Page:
182) Yellowfronted Tinker Barbet - uncommon (1)
183) Blackcollared Barbet - common (4)
184) Crested Barbet - common (4)
185) Cardinal Woodpecker - fairly common (3)
186) Goldentailed Woodpecker - fairly common (3)
187) Bennett's Woodpecker - fairly common (3)*
188) Bearded Woodpecker - common (4)
189) Lesser Honeyguide - uncommon (1)*
190) Greater Honeyguide - uncommon (2)*
191) Monotonous Lark - fairly common (3)*
192) Sabota Lark - common (4)
193) Flappet Lark - fairly common (2)*
194) Redcapped Lark - rare (1)*
195) Rufousnaped Lark - fairly common (3)
196) Dusky Lark - uncommon (1)*
197) Chestnutbacked Finchlark - uncommon (2)
198) Richard's Pipit - uncommon (1)
199) Yellowthroated Longclaw - fairly common (2)
200) Bushveld Pipit - uncommon +
201) African Pied Wagtail - fairly common (4)
202) Forktailed Drongo - very common (4)
203) Black Flycatcher - fairly common (4)
204) Black Cuckooshrike - uncommon (2)
205) Whitebreatsted Cuckooshrike - uncommon +
206) European Golden Oriole - uncommon (2)*
207) African Golden Oriole - uncommon (2)
208) Blackheaded Oriole - fairly common (4)
209) Blackeyed Bulbul - common (4)
210) Sombre Bulbul - locally comon (3)*
211) Yellowbilled Bulbul - uncommon (1)*
212) Terrestrial Bulbul - uncommon #
213) Arrowmarked Babbler - common (4)
214) Groundscraper Thrush - fairly common (4)
215) Kurrichane Thrush - fairly common (4)
216) Mocking Chat - fairly common locally (Mopani camp) (2)
217) Southern Black Tit - common (4)
218) Arnot's Chat - fairly common locally (Pafuri) (1)*
219) Whitethroated Robin - uncommon (1)
220) Heuglin's Robin - uncommon locally (Tshokwane picnic site) (4)
221) Whitebrowed Robin - fairly common (2)
222) Bearded Robin - uncommon (1)
223) Willow Warbler - common (4)
224) Icterine Warbler - uncommon +
225) Garden Warbler - uncommon #
226) Burntnecked Eremomela - uncommon (1)*
227) Greencapped Eremomela - fairly common locally (far north) (1)*
228) African Sedge Warbler - uncommon (1)*
229) Barthroated Apalis - uncommon (Pafuri) #
230) Yellowbreasted Apalis - fairly common (3)
231) Longbilled Crombec - fairly common (3)
232) Bleating Warbler - fairly common (3)
234) Fantailed Cisticola - uncommon (1)*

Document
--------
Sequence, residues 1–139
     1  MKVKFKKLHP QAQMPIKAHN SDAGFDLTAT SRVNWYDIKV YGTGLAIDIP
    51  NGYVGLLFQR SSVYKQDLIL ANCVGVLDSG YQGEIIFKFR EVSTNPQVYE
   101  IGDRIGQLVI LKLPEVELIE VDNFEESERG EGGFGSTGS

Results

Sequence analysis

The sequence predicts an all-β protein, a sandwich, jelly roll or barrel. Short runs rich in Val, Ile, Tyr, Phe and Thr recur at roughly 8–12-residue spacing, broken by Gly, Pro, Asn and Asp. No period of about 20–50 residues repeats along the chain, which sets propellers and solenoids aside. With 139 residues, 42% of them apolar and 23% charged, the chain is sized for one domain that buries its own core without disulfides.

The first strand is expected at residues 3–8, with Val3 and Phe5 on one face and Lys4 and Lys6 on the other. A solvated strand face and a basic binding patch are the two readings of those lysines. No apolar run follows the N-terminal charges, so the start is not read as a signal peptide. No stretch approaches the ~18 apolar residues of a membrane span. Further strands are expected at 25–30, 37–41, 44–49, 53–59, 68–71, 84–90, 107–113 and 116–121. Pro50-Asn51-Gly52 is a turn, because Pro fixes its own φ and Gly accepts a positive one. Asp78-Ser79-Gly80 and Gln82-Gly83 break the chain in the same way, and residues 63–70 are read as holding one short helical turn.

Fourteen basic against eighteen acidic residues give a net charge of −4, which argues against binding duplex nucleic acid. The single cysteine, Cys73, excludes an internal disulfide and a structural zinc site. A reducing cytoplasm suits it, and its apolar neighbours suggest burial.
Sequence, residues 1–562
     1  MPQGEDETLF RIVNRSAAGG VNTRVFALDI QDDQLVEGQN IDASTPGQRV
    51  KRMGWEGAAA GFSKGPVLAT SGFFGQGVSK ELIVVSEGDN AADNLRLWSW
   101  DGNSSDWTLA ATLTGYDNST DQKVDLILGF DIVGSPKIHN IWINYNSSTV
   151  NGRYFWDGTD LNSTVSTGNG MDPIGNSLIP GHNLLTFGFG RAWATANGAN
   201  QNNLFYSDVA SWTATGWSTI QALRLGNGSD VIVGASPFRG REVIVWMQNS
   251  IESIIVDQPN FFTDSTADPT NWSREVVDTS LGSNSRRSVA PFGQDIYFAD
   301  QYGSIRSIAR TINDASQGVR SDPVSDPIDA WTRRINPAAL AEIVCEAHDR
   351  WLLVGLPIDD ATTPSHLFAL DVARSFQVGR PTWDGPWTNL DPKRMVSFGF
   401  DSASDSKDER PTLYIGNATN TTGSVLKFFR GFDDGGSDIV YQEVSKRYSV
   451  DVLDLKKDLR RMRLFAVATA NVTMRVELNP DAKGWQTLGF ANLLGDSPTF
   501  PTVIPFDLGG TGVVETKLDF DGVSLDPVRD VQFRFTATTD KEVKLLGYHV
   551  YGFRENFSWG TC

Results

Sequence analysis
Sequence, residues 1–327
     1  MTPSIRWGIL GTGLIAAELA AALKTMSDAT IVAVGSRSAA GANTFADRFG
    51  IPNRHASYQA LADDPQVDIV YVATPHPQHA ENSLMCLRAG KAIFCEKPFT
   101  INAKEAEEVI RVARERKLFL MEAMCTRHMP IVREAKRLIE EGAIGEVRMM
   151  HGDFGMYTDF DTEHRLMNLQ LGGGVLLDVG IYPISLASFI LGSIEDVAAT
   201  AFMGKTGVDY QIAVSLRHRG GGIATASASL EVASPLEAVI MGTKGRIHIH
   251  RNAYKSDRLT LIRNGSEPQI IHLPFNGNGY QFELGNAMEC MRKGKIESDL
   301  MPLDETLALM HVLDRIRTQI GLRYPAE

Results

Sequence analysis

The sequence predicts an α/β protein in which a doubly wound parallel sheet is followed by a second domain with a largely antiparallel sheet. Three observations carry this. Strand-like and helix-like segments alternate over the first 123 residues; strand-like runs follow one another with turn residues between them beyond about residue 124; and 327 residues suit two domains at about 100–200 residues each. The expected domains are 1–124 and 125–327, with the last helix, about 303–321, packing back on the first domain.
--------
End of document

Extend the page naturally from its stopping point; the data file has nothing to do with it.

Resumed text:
235) Rattling Cisticola - very common (3)
236) Neddicky - uncommon (1)*
237) Redfaced Cisticola - uncommon +
238) Croaking Cisticola - uncommon (south of park) +
239) Tawnyflanked Prinia - common (4)
240) Mousecoloured Flycatcher - uncommon (2)
241) Spotted Flycatcher - very common (4)
242) Dusky Flycatcher - uncommon (2)*
243) Fantailed Flycatcher - uncommon +
244) Bluegrey Flycatcher - uncommon (2)
245) Paradise Flycatcher - common (4)
246) Chinspot Batis - common (4)
247) Wattle-eyed Flycatcher - uncommon locally (Pafuri) #
248) Brubru - uncommon (2)*
249) Puffback - common (4)
250) Southern Boubou - uncommon (2)*
251) Tropical Boubou - uncommon locally (far north) (1)*
252) Longtailed Shrike - common (4)
253) Redbacked Shrike - common (4)
254) Whitecrowned Shrike - uncommon (3)
255) Lesser Grey Shrike - uncommon (3)
256) Orangebreasted Bush Shrike - fairly common ((3)
257) Greyheaded Bush Shrike - fairly common ((2)
258) Threestreaked Tchagra - common (3)
259) Blackcrowned Tchagra - common (4)
260) Redbilled Helmetshrike - uncommon (2)*
261) White Helmetshrike - fairly common (3)
262) Blackbellied Glossy Starling - locally uncommon - Crocodile River #
263) Greater Blue-eared Glossy Starling - common (4)
264) Cape Glossy Starling - common (3)
265) Longtailed Glossy Starling - uncommon - only at far north (1)*
266) Burchell's Glossy Starling - fairly common - southern half (4)
267) Redwinged Starling - uncommon (4)
268) Wattled Starling - locally common in summer (4)
269) Plumcoloured Starling - common (4)
270) Yellowbilled Oxpecker - uncommon (1)*
271) Redbilled Oxpecker - common (4)
272) Whitebellied Sunbird - common (4)
273) Collared Sunbird - uncommon (1)
274) Yellowbellied Sunbird - uncommon #
275) Scarletchested Sunbird - fairly common (3)
276) Black Sunbird - uncommon (1)*
277) Marico Sunbird - fairly common (3)
278) Cape White-eye - uncommon (2)
279) Yellowthroated Sparrow - fairly common (3)*
280) Greyheaded Sparrow - common (4)
281) House Sparrow - very common (4)
282) Redbilled Buffalo Weaver - common (4)
283) Redbilled Quela - very common / border pest ! (4)
284) Spectacled Weaver - uncommon (1)
285) Thickbilled Weaver - uncommon (1)*
286) Masked Weaver - common (3)
287) Lesser Masked Weaver - common (4)
288) Spottedbacked Weaver - common (3)*
289) Redheaded Weaver - common (4)
290) Redshouldered Widow - uncommon (1)*
291) Redcollared Widow - uncommon (1)*
292) Whitewinged Widow - fairly common (3)
293) Red Bishop - uncommon (3)
293) Pintailed Whydah - uncommon (2)
294) Paradise Whydah - fairly common (4)
295) Steelblue Widowfinch - uncommon (1)
296) Black Widowfinch - uncommon (1)
297) Bronze Mannikin - uncommon (1)*
298) Melba Finch - uncommon (2)*
299) Blue Waxbill - common (4)
300) Common Waxbill - fairly common (4)
301) Redbilled Firefinch - uncommon (1)*
302) Bluebilled Firefinch - fairly common (1)
303) Jameson's Firefinch - fairly common (2)*
304) Yelloweyed Canary - common (3)
305) Streakyheaded Canary - fairly common (2)
306) Larklike Bunting - rare (1)*
307) Rock Bunting - fairly common (2)
308) Goldenbreasted Bunting - common (4)